Complete list. :-(
All the Real Girls
Love is a puzzle. These are the pieces.
In a small North Carolina town, Paul, a womanizer, meets Noel, a confused intellectual returning home for the first time in years since she left for boarding school. The film depicts the typical romance of a good girl and a bad boy, in an interesting way.
"If anybody smiles at me ever again, I'm going to freak out."
Where as George Washington is about being a child, All the Real Girls is about being in love. It is a simple film that deals with all the complexities that come with being in love. The performances by everyone are superb, with Zooey Deschanel giving the best performance she has ever given. Her role here is a far cry from what she is doing now, and I cannot imagine the (500) Days of Summer Deschanel every doing a role like this. It is too bad that she didn't continue on the course of being a serious actress, as I bet she would have a little golden man sitting on her mantel by now.
Anyway, I love hanging with the characters in this film, I love watching David Gordon Green's direction, and I just love spending time in this world.
So Zooey Deschanel can act. I mean, she's not mind blowing in this, but there wasn't a goddamned quirk in sight. I'm pleasantly surprised. It's weird to watch this now as three of its leads have all been significant parts of recent sitcoms, for better or worse, yet they are giving more or less decent dramatic performances here. (A fourth lead is featured in a major HBO drama that I don't watch and thus can't much comment on, but I think his character's dead at this point.)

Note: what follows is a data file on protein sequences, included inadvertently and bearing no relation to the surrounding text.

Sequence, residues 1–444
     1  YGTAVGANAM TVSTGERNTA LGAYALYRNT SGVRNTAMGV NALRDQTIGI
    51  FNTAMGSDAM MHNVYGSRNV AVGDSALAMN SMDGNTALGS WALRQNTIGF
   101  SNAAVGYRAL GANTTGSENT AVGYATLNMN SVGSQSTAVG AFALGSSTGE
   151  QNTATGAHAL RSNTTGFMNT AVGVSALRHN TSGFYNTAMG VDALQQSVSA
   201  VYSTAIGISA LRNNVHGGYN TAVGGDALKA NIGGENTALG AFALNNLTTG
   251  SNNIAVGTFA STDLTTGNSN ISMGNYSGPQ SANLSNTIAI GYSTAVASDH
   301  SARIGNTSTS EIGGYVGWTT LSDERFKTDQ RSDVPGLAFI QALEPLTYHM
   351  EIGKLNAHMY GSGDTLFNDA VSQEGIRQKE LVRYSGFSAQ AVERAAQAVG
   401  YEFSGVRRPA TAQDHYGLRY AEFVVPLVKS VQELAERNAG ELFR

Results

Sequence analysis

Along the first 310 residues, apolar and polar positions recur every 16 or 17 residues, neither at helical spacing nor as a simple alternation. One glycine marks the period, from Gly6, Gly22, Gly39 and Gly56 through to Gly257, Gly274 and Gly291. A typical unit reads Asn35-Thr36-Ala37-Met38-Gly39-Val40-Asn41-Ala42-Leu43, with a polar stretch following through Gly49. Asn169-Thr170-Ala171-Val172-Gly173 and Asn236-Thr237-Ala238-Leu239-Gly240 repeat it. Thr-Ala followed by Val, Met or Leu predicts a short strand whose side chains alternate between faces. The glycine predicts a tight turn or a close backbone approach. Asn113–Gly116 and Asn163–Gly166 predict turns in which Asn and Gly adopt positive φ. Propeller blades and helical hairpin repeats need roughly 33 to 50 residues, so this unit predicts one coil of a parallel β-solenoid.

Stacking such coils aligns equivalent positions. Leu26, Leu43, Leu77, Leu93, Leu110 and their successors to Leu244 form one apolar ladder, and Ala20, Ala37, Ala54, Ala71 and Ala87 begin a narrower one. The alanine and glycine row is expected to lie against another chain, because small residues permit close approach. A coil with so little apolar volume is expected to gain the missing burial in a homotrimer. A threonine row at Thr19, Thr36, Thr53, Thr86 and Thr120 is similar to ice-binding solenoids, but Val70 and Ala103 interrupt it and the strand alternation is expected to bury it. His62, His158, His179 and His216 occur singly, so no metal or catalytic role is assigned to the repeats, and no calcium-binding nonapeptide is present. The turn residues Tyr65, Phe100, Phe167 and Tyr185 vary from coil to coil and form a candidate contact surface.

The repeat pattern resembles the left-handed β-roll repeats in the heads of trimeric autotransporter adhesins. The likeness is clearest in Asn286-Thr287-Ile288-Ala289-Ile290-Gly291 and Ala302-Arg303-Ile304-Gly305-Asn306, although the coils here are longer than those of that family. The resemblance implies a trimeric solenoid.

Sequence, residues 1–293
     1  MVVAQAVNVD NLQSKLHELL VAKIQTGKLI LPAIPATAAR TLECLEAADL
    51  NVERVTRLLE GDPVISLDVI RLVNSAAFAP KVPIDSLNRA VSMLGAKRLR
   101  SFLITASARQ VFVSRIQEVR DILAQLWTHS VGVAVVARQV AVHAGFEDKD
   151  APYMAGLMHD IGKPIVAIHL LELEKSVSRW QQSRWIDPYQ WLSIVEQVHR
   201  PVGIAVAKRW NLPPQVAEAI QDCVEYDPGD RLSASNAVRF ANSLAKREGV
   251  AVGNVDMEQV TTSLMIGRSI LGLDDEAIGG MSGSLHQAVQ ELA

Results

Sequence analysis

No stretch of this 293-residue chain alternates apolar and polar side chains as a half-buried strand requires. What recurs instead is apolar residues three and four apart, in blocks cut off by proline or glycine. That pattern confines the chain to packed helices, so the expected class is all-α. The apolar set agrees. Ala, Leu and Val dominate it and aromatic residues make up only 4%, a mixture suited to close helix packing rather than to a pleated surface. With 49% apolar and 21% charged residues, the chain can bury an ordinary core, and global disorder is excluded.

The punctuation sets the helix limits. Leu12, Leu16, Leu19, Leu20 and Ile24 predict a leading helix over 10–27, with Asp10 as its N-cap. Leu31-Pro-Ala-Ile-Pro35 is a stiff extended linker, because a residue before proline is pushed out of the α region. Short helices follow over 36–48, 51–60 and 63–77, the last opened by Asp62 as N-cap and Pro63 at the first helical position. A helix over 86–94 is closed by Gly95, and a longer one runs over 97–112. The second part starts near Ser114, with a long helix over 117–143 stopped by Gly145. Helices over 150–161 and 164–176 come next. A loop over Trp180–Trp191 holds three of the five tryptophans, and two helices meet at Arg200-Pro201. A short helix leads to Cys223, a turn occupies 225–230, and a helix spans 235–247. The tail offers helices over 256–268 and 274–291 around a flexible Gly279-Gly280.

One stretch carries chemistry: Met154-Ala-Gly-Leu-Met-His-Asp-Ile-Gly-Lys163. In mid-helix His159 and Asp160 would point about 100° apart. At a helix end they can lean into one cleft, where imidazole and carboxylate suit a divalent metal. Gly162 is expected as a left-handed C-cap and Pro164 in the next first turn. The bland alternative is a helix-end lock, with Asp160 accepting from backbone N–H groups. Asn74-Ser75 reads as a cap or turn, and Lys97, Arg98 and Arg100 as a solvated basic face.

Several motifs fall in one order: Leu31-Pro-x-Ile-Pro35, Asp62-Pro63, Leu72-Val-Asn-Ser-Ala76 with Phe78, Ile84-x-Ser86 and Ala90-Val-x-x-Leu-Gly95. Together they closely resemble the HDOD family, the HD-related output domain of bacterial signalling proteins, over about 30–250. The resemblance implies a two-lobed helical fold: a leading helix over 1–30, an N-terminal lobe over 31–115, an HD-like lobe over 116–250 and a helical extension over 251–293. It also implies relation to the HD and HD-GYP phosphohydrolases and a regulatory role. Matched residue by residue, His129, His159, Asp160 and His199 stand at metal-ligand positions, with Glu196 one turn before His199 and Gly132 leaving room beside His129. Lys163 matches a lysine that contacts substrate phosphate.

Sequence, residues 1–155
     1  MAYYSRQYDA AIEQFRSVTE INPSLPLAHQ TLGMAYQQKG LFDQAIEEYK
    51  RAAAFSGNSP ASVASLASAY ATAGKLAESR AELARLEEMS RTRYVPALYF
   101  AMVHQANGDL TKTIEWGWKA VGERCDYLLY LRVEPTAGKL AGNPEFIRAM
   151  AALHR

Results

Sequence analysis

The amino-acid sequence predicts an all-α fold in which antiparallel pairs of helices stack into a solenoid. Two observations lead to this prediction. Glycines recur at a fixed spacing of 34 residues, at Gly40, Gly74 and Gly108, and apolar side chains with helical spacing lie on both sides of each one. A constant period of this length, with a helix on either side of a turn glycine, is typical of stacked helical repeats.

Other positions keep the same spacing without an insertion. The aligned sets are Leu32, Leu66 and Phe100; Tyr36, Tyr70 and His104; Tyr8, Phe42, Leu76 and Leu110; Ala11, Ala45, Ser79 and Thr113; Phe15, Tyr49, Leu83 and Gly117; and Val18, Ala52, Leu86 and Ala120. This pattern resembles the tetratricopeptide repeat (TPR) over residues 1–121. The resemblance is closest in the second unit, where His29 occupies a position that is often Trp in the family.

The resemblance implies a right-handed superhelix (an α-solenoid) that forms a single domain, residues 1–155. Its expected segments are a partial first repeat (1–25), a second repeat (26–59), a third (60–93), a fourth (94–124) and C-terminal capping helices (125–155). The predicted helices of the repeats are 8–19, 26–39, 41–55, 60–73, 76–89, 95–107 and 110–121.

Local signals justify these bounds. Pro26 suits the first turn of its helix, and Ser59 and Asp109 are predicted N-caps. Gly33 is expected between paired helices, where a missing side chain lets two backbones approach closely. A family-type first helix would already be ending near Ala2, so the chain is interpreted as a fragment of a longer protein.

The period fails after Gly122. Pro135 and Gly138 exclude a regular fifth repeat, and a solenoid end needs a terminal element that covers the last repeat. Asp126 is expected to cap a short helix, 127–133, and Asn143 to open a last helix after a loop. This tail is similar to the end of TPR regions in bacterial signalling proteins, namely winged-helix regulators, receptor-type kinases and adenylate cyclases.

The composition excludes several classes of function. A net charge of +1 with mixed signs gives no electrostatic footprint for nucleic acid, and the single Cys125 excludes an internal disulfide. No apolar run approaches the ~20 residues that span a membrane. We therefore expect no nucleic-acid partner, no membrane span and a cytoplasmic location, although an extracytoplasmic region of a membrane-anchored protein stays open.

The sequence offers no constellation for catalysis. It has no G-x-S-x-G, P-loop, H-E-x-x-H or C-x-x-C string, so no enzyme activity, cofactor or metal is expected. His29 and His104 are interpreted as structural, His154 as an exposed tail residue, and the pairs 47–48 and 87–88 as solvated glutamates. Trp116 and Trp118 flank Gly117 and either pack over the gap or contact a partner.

Anyway. This sort of hit a couple too many stereotypical romance points on its way to a fine ending, but it executed most of them well enough. I worried for a bit that…
Does anyone have the phone number for The Criterion Collection?
This is how you start off a new year. DGG is rocketing up my list of favorite directors. There's something about this movie.. it kind of floats around like a dream from scene to scene, at times without quite making sense how we got there, but at the same time it all feels so real. No iron lock could keep the truth in here contained. It seeps through cracks all over the place and you just know it's real.
I'd only ever seen one of David Gordon Green's film, Your Highness, a film so full of knob jokes I could feel my IQ dropping as I watched it. This film from 2003 however had a good reputation despite the presence of self-styled "manic pixie dream-girl" Zooey Deschanel.
A refreshingly honest account of a young girl's first brush with love, this is a slow-burning film with plenty of intimate scenes that for once prove that Deschanel really can act. When her brother's best friend shows an interest in her after she returns to their North Carolina small town, there is more said with looks than with words. Her virginal good girl who falls for a small town womanizer starts well…
My heart is in my throat.
The BEFORE SUNRISE of small Southern town modesty. A young Zooey Deschanel and Paul Schneider are heartbreaking in their definitive chemistry, with a surprising earnestness that lends the entire film an improvisational, realistic feeling. David Gordon Green delivers here through the style he's best at, detailing the circumstances of love in a depressive, movingly inarticulate work. It's typical of Green's best films to uncover the brilliance of the human condition through characters that aren't conventionally smart, and ALL THE REAL GIRLS is a glowing example of this.
It's films like this that remind me how much I love the romance genre when it affects me. Further, it's hard not to think what Zooey Deschanel's…
This review may contain spoilers. I can handle the truth.
"Why don't you put your fuckin' hair back on and come back? Just come on back."